Ministers have been accused of suppressing access to higher levels of sick pay for those who isolated themselves with Covid during the third wave.
In a move that critics have called “disgusting” and have said it may have cost lives, the Treasury reportedly rejected attempts by some government workers to raise awareness about how employers could guarantee higher wages for their isolated staff under the statutory sick leave scheme rather than claim pay. The former guarantees employees 80% of their salary up to £ 2,500 each month, while the latter is capped at £ 96.35 per week.
Downing Street has not denied the report.
According to Politico, a series of leaked emails between officials sent during the first two months of 2021 show concerns were expressed that the Treasury was “reluctant” to explicitly explain to companies that the potentially much more generous licensing plan could be used to temporarily cover self-isolation.
“This is a real problem that is being solved,” said one official, adding that “the incentive payments are too low to incentivize employees to take the tests due to the risk of lost income.”
The disclosure will increase pressure on the government to increase financial support offered to self-isolating individuals, so that more people are encouraged to stay home if they have tested positive for Covid or become they have traced the contact. Last month, The Guardian also revealed concerns raised by the Equality and Human Rights Commission that legal disease package levels could deter some staff members from getting vaccinated, should they have to take time off from work. to recover from side effects.
On Thursday, Boris Johnson’s spokesman did not question the reported actions of Treasury officials, though he emphasized that the leave scheme “is not designed for brief absences from work due to illness.”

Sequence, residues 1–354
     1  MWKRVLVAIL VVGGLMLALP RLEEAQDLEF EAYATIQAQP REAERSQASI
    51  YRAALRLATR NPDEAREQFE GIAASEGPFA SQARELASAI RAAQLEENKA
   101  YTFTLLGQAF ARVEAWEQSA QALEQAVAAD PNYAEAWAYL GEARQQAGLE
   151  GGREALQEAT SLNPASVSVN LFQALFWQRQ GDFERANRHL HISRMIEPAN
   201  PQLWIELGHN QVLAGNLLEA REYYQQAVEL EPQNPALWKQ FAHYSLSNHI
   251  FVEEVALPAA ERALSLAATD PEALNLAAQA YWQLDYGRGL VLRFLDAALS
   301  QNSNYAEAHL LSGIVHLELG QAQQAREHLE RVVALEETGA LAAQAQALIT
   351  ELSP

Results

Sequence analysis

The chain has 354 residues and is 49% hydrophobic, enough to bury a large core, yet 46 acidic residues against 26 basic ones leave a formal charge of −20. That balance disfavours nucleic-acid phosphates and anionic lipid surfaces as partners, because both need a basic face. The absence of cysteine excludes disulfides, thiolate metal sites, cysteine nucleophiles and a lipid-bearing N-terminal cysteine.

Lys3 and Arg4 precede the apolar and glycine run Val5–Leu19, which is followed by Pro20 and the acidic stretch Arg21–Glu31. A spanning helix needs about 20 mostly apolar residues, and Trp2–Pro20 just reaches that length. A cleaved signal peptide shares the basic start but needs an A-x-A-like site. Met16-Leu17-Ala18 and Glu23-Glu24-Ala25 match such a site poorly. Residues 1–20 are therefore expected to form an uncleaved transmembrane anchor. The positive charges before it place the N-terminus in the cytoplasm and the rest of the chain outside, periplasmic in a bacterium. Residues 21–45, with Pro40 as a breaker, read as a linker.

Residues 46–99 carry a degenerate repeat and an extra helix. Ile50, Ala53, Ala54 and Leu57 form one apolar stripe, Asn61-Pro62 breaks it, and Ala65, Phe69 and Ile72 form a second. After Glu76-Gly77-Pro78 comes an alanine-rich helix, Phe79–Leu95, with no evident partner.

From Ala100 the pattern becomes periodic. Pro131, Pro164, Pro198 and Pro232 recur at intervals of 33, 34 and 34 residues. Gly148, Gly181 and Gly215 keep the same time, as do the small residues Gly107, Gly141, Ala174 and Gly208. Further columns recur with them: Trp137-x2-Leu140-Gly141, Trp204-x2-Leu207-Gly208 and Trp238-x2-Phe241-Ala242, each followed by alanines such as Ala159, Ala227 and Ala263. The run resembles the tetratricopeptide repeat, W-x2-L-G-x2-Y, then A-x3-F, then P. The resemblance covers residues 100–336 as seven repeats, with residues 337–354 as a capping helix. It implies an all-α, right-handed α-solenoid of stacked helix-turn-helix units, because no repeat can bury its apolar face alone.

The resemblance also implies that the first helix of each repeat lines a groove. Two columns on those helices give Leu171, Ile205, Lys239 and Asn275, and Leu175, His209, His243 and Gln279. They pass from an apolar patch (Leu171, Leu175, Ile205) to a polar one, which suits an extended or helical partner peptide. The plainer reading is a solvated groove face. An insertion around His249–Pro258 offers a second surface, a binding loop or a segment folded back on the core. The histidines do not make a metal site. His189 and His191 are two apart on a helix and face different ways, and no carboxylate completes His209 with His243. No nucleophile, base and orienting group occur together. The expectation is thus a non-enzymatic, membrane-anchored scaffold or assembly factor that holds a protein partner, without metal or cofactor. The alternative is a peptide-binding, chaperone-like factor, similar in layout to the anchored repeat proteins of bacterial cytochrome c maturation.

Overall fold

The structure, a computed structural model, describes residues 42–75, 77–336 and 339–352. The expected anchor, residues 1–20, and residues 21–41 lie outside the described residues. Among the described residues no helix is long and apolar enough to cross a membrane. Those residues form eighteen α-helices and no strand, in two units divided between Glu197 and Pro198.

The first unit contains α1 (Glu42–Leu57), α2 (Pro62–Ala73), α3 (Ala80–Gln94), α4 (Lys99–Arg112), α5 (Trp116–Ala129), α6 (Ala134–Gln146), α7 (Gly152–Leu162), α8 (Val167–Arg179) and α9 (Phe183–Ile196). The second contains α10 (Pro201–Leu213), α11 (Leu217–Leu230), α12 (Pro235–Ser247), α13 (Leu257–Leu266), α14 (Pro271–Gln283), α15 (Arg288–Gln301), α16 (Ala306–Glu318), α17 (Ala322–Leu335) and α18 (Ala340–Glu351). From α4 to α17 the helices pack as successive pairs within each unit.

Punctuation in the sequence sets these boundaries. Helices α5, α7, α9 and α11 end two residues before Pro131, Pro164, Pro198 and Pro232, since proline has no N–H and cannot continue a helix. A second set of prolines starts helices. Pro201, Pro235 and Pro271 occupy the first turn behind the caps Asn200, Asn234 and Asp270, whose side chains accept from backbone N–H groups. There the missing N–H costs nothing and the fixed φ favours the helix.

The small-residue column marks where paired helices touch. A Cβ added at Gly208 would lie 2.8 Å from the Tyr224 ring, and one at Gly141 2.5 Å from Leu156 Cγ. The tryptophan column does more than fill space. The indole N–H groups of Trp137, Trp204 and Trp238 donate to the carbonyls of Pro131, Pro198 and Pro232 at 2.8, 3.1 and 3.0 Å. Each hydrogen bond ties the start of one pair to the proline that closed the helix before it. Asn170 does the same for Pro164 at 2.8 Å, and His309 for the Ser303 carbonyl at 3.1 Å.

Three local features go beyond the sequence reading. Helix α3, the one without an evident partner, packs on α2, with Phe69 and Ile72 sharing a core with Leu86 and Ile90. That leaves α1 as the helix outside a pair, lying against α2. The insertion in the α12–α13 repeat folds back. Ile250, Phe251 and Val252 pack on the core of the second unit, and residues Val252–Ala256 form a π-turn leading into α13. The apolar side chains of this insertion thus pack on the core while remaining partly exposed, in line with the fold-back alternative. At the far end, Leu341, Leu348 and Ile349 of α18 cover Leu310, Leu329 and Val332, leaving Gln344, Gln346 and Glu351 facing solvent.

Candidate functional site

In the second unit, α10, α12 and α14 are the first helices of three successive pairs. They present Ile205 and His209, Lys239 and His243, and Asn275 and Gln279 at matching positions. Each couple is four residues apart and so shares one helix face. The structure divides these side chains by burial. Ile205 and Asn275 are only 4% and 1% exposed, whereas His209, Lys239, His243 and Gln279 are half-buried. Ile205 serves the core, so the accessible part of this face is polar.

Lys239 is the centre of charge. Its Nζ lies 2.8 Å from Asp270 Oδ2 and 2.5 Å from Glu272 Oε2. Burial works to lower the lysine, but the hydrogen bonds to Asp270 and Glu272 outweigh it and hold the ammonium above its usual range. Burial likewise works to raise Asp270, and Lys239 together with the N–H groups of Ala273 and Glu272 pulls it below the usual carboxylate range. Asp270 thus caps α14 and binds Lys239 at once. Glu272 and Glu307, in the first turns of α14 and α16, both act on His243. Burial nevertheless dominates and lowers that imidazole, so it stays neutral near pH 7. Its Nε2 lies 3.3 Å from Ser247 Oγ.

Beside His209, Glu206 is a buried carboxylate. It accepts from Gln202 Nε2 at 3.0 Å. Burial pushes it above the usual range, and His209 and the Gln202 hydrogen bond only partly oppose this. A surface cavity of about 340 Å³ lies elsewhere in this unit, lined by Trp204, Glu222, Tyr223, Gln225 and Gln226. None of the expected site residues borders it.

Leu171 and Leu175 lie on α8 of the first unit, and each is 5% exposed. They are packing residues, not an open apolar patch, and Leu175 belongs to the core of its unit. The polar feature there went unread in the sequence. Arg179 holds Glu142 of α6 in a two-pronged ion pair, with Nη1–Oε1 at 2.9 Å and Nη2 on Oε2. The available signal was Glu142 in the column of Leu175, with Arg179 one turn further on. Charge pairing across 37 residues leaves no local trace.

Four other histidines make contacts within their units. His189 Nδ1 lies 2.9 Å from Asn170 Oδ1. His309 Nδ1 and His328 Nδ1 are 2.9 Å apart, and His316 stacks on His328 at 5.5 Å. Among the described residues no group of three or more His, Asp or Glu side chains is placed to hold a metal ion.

He added that “self-isolation should not be a consideration when deciding whether a company should lay off an employee” and pointed to the one-time payment of £ 500 for those with low incomes who are forced to isolate themselves.
Labor leader Sir Keir Starmer said he was “really concerned” about development. He said: “Self-isolation is a huge tool in the arsenal when it comes to defeating the pandemic, but too many people felt that they could not afford to isolate themselves,” he told reporters.
“We’ve been saying this for a year or more, so the idea now that this has been suppressed I think is so wrong in terms of how we fight this pandemic.”
Joe Clarke, a national official for the Unite union, said: “This revelation is absolutely disgusting and shows that the government acted recklessly with the safety of the workers.
“The government cynically suppressed this information from companies at a time when more than 1,000 people a day were dying from Covid.”
“This decision will have cost lives, caused an increase in infections and has meant that successive closures have lasted longer than necessary, further damaging the economy.”
Dr Philippa Whitford, Westminster Health Spokesperson for the Scottish National Party, also called the move “utter insane” and warned that it will have “increased the spread of the virus and put lives at risk”.
He called on ministers to apologize and said: “The Conservative government has spent months forcing workers to struggle amid the greatest public health and economic crisis we have ever seen.”
The Treasury said that guidance on license access had always been clear.
A spokesperson said: “It has always been clear that the purpose of the licensing plan is to support jobs; We have been sincere about it from the beginning.
“The guide states that the plan is not designed for brief absences from work due to illness or self-isolation.
“We have a specific support package for those who are self-isolating due to the coronavirus, which includes one-time payments of £ 500 for those with low incomes.
“If an employer wants to fire an employee for business reasons and they are currently ill, then they are eligible to do so just like other employees. This has been established in orientation since April of last year. “